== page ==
Army Logistics: Plan for New Missions in a Complex World
The Army’s top logistician warned March 19 that budget woes are hurting readiness – and things could get worse.
“We are doing everything we can to create and maintain readiness, despite simultaneous operations around the world … shrinking budgets, and the potential of sequestration,” said Lt. Gen. Gustave F. Perna, deputy chief of staff, G-4, speaking at an AUSA Institute of Land Warfare breakfast in Arlington, Va.
“We are designed to bring capability to bad places, defeat our enemy, and protect our well-being here in the United States,” Perna said.
That mission could be at risk. With sequestration in effect, the Army will not be able to effectively meet those requirements.
Sequestration “will put more soldiers in harm’s way,” Perna said.
“If sequestration takes full effect,” he added, the Army “will not be able to train logisticians to execute expeditionary logistics. We will not be able to improve force projection and force perception” and that will be a hindrance on the battlefield.
In Iraq and Afghanistan, Perna said, “We relied heavily on contractors to do the maintenance and supply accountability for us.” This took unit leaders and soldiers out of the equation.
“Essentially, we separated ourselves from the readiness tasks of running the Army day to day,” he said.
In some cases, Perna said, this caused adjusting or lowering of readiness standards and maintenance expectations, and “the Army cannot afford that approach anymore” from a financial or requirements standpoint.
Accordingly, this trend is changing. “My goal inside our organization, and for logisticians across the Army, is that we have 100 percent of our people doing 100 percent of the work,” said Perna.
The Army is “increasing its presence and capability” in Europe, Kuwait, South Korea, Africa, Iraq, and others, Perna said.
“So what do all these new missions mean? It means we cannot predict what specific units have to be ready, or what they have to be able to do,” he said. “We have to be ready to execute on the president’s demand.”
One major difficulty is “the Army must become expeditionary again,” Perna said.
“This is going to be a significant challenge, especially when you consider that many of our logistics skills have atrophied over the last 13 years.”
In order to execute the “Globally Responsive and Regionally Engaged” vision of the secretary and chief of staff of the Army, Perna said, “We need to ensure expeditionary force projection, force perception, and onward movement.” The Army is not properly trained to execute these three critical tasks, he added.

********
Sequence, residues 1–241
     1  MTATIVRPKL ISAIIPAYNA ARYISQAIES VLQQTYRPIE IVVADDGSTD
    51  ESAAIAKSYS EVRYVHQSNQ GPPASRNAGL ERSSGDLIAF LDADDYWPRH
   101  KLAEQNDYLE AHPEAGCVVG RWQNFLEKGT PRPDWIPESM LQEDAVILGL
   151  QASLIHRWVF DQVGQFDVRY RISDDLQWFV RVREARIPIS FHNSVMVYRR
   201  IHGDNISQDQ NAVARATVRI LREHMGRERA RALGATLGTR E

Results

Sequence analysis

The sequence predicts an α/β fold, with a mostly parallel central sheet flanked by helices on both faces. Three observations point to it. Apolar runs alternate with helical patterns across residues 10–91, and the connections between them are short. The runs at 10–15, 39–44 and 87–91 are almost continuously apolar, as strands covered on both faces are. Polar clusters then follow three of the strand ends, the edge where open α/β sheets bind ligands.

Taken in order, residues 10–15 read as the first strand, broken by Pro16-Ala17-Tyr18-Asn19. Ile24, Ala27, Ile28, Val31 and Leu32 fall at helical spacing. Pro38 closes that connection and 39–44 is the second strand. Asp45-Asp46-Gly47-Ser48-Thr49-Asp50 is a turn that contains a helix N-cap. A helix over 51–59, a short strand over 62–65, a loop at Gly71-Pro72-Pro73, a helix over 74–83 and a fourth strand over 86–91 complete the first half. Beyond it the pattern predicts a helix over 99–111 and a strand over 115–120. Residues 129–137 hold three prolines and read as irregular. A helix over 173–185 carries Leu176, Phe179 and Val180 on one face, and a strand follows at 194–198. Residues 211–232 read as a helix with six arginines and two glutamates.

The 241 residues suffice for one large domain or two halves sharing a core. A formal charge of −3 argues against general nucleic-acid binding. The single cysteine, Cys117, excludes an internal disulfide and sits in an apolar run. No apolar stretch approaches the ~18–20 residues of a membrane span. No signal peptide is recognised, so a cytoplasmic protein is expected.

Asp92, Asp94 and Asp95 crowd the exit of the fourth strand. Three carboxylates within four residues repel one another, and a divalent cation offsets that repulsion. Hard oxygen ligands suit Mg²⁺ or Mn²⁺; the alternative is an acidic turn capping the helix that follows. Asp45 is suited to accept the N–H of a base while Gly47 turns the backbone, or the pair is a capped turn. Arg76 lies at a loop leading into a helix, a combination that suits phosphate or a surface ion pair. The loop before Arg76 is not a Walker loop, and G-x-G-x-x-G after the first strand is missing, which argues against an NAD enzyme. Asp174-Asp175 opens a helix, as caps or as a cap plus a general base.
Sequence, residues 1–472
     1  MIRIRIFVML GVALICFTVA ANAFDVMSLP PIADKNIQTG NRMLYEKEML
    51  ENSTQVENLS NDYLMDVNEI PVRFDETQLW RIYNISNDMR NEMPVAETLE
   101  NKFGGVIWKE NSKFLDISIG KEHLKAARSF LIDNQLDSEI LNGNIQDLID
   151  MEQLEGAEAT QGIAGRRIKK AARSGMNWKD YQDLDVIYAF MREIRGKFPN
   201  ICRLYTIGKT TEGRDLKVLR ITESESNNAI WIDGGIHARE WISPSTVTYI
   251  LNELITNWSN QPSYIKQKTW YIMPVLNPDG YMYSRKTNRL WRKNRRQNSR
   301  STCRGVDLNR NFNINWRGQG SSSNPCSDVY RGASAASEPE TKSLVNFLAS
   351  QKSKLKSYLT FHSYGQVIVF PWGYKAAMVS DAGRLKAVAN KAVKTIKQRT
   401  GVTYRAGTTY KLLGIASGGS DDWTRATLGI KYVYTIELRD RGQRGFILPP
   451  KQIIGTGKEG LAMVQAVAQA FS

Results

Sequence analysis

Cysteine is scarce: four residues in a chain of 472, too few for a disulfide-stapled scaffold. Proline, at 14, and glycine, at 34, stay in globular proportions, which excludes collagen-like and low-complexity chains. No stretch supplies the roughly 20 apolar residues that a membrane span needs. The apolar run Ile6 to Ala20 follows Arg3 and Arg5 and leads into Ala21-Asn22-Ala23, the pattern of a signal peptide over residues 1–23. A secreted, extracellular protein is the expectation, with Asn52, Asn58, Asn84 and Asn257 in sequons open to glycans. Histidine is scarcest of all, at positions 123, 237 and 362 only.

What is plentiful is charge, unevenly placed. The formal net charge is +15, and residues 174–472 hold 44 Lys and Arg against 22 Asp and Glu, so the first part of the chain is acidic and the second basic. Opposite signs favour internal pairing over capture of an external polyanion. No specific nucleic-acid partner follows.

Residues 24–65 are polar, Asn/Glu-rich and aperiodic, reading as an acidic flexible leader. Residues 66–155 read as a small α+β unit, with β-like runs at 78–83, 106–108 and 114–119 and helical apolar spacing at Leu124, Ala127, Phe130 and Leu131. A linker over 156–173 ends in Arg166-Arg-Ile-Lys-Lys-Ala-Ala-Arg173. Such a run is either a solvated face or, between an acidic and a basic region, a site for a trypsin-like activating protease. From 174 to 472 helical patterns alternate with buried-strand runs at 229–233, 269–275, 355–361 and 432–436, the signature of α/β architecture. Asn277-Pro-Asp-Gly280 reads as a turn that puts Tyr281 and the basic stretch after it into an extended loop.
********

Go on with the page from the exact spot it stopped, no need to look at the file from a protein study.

Inside the G-4, Perna said he has focused on three lines of effort: leadership development, readiness (tactical, operational, and strategic), and supporting the Army Operating Concept for Force 2025.
“I tell my staff all the time, if they’re not working on something related to leadership development, readiness, or improving the force for 2025 – don’t do it. Don’t go to that meeting. I’ll take the heat,” Perna said.
Regarding leadership development, “the chief of staff of the Army has recently directed that we will realign sustainment brigades underneath division headquarters,” Perna said. “This will strengthen our home station relationships, allowing us to define and manage logistics talents on a broader scale.”
When Army units need to deploy on short notice, logistics personnel must support large formations in austere environments.
“We [Army logisticians] need to relearn how to do operational logistics on the battlefield – like how to refuel an armored brigade on the move,” Perna said, calling such skill sets “a lost art.”
In the readiness line of effort, the G-4 is fielding a new information system, the “Global Combat Support System – Army,” Perna said. This system, he added, “will be a game-changer for how we execute logistics on the battlefield” by allowing the entire Army to impact and pursue solutions for soldiers on the ground and senior leaders at the strategic level.
Future Global Combat Support System – Army increments will include aviation maintenance and ammunition management, Perna said.
In support of the Army Operating Concept, the G-4 “is applying innovation and technology” to anticipate future requirements. One example, Perna said, is condition-based maintenance, or CBM.
“We have already seen significant savings, millions of dollars, in executing preventative maintenance versus reactive maintenance,” he added.
“Influencing the preparation and actions of 240,000 Army logisticians is a daunting task for anyone,” Perna said. “But I have confidence in the leaders, the NCOs, and the soldiers of this great organization to accomplish the mission.”